• Terry Irene Blain said:

    There is an old Navy saying “If the Navy had wanted you to have a wife, they would have issued you one in your seabag*.”

    And what do you want to bet that some of those women outside the Roman army camp were the ‘wives’ without the actual title or rights? They probably followed their men from camp to camp.

    *seabag – all the gear (clothing, shoes, etc.) issued to you in boot camp, all in a big canvas bag.

  • Anna said:

    Thank you Kathleen for this stimulating blog !

    Roman soldiers were trained to march up to 30 km a day wearing sandals.That’s true !These sandals had iron studs attached to the bottom of leather soles.It must have been a torture to walk and fight .
    BTW ,the shoe fashion for the coming season Summer 2010 revived this kind of sandals for women, in their worst possible form!:)
    Another fact – a centurion who carried a stick to show his importance could also use this stick to beat any soldier who disobeyed an order. Something officially unacceptable in the modern army !

  • Victoria said:

    Fascinating post, Kathleen. Who would have guessed enlistments were 25 years! Wow, I bet most of them didn’t even live long enough to fulfill their enlistments…especially with no wives and relations with prostitutes. What a dismal life!

  • Victoria Gray said:

    Fascinating post, Kathleen. Who would have guessed enlistments were 25 years! Wow, I bet most of them didn’t even live long enough to fulfill their enlistments…especially with no wives and relations with prostitutes. What a dismal life!

  • Donna Goode said:

    Great post, Kathleen! Life as a soldier–or sailor–has always been difficult. My husband is a retired Navy officer and I can speak feelingly. He had to go out to sea for the first time on the day I brought our daughter home from the hospital. Several years later he was gone for nine months–and never left the city we lived in, having had to stand “port and starboard” duty (12 hours on and 12 hours off) for nine straight months. On his “off” hours he had to attend to division officer and department head duties–he had to do both. It left him with about 5 hours to sleep each day. However…did you ever hear of the movie Hunt For Red October? My husband was the “spare” officer aboard U.S.S. Henry M. Jackson who showed the Hollywood film crew over the boat and explained the difference between American and Soviet submarines. Cool, huh? But, no…no wives were issued in his seabag. Still and all, it was a wonderful life during which I’ve made lasting friendships.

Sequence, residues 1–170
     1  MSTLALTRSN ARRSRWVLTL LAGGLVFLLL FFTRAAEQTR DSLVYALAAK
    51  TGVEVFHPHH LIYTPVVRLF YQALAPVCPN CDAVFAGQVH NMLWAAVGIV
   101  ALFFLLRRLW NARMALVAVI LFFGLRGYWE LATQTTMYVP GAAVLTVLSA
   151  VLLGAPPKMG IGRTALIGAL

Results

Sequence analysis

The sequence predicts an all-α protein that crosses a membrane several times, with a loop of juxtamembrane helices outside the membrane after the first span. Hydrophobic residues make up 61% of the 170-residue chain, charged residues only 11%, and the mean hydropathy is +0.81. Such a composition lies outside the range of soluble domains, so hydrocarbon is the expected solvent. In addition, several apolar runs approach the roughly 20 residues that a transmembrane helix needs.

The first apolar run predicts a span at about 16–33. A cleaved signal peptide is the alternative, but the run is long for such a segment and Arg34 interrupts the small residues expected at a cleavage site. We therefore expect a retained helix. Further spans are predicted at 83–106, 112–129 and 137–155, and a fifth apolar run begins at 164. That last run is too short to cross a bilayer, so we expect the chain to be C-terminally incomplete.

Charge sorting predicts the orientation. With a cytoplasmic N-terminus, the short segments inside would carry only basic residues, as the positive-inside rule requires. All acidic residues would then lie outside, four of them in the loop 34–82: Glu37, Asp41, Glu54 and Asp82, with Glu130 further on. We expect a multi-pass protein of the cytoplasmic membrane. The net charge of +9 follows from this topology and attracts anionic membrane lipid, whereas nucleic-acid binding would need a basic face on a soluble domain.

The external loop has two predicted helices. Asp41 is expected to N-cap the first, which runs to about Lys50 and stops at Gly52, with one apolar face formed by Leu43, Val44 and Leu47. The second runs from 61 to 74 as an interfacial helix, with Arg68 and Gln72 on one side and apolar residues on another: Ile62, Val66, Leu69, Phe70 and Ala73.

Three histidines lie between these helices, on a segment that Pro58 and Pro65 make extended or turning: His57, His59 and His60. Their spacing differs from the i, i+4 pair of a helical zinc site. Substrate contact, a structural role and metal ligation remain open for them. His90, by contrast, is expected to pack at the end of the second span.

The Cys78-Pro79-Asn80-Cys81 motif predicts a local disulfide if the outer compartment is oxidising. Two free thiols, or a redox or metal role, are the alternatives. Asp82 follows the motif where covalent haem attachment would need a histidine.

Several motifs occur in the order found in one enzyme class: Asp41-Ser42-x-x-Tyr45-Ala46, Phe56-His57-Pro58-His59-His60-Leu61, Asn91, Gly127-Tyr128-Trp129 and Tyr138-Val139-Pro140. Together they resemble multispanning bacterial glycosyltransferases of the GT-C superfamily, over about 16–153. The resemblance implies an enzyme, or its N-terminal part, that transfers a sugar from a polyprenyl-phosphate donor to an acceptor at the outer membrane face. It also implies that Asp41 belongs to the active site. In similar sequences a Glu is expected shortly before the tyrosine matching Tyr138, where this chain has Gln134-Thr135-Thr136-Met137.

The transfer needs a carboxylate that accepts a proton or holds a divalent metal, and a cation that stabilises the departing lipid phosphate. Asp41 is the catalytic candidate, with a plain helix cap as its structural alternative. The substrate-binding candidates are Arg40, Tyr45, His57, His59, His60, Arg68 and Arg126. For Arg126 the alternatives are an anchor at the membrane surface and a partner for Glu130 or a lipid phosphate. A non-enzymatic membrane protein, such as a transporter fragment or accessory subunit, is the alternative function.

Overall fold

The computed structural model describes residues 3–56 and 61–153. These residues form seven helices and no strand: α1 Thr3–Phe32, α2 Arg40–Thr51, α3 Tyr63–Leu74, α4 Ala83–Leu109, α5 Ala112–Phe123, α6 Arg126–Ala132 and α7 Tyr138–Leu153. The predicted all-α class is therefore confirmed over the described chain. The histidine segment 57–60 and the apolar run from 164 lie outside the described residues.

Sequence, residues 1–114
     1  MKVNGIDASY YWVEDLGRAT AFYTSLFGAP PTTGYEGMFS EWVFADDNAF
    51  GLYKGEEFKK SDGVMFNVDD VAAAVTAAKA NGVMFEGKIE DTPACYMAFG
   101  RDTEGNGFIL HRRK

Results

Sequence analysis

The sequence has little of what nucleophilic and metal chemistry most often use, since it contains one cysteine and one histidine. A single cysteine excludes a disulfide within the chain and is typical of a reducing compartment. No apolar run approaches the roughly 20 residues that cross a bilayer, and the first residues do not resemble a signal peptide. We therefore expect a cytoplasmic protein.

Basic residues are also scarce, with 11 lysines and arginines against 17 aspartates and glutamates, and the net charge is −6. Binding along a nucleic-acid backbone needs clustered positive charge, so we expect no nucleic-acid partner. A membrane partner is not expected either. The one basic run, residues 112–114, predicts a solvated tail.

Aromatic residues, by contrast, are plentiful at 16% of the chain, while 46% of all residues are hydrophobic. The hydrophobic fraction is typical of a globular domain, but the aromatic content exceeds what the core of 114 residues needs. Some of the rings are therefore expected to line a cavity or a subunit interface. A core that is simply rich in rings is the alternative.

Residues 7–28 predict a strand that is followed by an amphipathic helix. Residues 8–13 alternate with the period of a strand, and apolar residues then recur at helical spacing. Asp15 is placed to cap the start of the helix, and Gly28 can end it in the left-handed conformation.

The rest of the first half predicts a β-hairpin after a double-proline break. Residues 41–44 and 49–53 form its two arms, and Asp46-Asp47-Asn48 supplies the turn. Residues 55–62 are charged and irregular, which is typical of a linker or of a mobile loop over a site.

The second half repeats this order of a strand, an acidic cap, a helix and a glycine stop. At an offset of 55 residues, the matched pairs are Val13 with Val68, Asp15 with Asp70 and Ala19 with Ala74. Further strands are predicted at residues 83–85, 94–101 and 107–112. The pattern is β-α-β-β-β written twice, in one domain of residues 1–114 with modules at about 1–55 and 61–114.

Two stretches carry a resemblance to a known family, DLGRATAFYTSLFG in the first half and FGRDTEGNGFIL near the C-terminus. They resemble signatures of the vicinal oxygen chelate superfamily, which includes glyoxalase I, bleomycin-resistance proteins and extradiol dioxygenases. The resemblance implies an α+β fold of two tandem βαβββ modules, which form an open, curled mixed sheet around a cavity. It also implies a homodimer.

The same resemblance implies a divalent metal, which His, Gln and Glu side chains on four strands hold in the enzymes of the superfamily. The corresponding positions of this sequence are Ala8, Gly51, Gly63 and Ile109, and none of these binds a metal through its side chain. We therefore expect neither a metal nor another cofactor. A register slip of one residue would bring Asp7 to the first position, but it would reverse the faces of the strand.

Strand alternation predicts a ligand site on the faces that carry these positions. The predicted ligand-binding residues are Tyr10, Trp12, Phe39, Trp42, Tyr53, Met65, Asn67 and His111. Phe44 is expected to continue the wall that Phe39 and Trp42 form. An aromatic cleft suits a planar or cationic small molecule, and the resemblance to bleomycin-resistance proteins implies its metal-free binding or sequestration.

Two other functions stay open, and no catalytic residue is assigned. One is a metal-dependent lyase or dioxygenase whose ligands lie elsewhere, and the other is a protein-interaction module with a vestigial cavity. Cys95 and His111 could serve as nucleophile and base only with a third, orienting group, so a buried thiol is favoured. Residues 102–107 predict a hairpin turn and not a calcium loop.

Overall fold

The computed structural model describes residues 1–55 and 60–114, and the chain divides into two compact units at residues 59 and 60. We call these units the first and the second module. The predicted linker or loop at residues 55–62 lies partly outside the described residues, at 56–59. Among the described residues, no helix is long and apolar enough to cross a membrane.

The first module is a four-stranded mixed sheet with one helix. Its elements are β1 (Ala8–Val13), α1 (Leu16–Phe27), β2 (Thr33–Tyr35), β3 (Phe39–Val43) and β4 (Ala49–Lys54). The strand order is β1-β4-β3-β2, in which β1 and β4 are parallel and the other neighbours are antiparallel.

~Donna

  • Donna Goode said:

    BTW, I love your beautiful website!

  • kathleen (author) said:

    Thank you everyone for stopping by. I’ll bet Rebecca Lynn appreciates the added info from Anna about the studded sandals! Geez, Donna, I got a rush of emotion when you wrote that your husband had to leave the day you brought your daughter home! How difficult is that? Wonderful words. Such interesting responses.